As climate change makes daily headlines, all available solutions to mitigate it must be thoroughly investigated and then deployed in an evidence-based way, fair to our environment and societies.
Figures show that RES consumption has steadily increased over the last decades, with bioenergy counting today for 63% of EU final renewable energy consumption. The time has come to take a step forward and use all means to achieve the 2050 climate goals.
Biomass is supplied from different organic sources such as wood, agricultural residues and crops, and organic waste. Around 70% of the overall biomass supply for energy is estimated to be sourced from the forest sector while biomass from agriculture and waste account respectively for 18% and 12%. There are climate benefits to biomass, and then more: the economic and environmental impacts are plenty and often overlooked.
Agricultural biomass and abandoned areas
In the current state of play, the potential of agricultural biomass is largely unexploited due to mobilisation issues. Recent research shows how the overall energy contribution of bioenergy could sustainably triplicate by 2050 compared to the 144 Mtoe used in 2017, roughly equivalent to the total energy demand in Spain for the same year. Agricultural residues and crops can have a major role in driving this growth in the coming years if properly exploited.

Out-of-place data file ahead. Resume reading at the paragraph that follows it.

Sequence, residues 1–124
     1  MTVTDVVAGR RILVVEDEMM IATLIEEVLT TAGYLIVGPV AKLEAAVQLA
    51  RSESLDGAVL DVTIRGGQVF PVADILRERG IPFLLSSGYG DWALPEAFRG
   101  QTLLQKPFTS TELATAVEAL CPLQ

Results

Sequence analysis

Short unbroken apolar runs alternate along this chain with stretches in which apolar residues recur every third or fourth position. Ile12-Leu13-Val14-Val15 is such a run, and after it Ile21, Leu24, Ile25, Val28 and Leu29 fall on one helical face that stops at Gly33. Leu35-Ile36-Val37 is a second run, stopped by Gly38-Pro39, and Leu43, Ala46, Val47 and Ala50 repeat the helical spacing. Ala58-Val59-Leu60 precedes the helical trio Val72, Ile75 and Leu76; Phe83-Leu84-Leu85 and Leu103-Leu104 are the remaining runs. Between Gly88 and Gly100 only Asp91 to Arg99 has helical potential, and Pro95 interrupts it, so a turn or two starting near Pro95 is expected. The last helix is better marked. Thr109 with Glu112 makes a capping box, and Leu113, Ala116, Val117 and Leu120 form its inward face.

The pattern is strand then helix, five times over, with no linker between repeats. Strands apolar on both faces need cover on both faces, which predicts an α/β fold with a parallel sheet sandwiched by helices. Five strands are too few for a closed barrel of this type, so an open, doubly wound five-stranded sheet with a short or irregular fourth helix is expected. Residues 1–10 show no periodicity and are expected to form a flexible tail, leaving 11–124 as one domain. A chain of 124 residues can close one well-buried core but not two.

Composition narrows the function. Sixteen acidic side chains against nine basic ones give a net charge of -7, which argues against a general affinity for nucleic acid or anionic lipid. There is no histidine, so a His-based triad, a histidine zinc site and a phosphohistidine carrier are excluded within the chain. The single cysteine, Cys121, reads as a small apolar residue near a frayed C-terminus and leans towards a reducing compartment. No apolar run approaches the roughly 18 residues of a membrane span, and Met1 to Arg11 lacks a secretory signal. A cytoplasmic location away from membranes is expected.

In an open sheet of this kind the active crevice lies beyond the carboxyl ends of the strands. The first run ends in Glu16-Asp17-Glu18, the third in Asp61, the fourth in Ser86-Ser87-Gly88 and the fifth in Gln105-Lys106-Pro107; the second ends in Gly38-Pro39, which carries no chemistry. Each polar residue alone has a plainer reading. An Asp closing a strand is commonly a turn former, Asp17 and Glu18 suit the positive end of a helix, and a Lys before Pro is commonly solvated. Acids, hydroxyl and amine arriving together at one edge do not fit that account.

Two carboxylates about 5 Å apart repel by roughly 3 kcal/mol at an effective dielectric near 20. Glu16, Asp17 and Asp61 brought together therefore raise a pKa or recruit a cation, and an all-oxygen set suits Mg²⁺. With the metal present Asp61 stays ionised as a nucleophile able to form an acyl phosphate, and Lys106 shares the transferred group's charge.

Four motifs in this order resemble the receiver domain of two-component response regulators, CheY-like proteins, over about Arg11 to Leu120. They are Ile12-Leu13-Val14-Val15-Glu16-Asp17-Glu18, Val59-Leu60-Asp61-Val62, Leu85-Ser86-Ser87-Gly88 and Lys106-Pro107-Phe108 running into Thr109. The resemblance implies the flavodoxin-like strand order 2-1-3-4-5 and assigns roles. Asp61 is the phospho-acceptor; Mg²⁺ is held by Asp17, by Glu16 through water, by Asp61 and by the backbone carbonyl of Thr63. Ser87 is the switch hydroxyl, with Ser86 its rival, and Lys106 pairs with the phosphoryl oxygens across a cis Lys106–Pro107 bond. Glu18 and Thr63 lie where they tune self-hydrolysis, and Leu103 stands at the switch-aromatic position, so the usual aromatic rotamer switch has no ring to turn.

We also have an opportunity with unused and abandoned areas, representing 15.8% of total land in EU28: they could be used to grow energy crops. It is estimated that the land used to grow dedicated energy crops represents today only an area of 117 kha (i.e. around 0.03% of EU28 land area), and equal to 0.2% of the current unused and abandoned areas. By using these areas for energy crops, the production of bioenergy could be ramped up without affecting the current use of land for food production.
To unleash this potential, favourable legislative frameworks should be deployed. This will contribute to climate mitigation and adaptation as well as to job growth and rural development.
In the last two decades the forest area is increasing and most importantly, the annual growth of forest is consistently higher than the harvesting. In fact, more than 30% of the forest increment stays in the forest, with the pulp & paper and construction industries driving the largest chunk of wood removals in Europe (77%) and bioenergy following at a mere 23%.
Forests, endangered by climate change, have a key role in climate mitigation and adaptation. Proper forest management can lead to environmental, economic and social benefits, and slash the risk of forest fires and diseases.
In order to better understand the availability of biomass supply, Bioenergy Europe launches today its 2019 Report on Biomass Supply, providing the reader with data on forest resources, energy crops, land management and much more. Most of the figures are filtered by country and by type of source, helping policy makers and investors to better calibrate their decision-making.
For those who don’t have time to dive into detailed figures, a short policy brief has also been made available. The two-pager includes highlights and a selection of graphs, providing an overview of the current dynamics of our electricity system at a glance.
About the report
For the first time since its launch in 2007, the 2019 Statistical Report will be split in 7 different publications, each one covering a different aspect of bioenergy. They will all be made available online for free. Stay tuned for the next release in July on Transport, covering forest resources, energy crops, land management and much more. For more information, visit www.bioenergyeurope.org.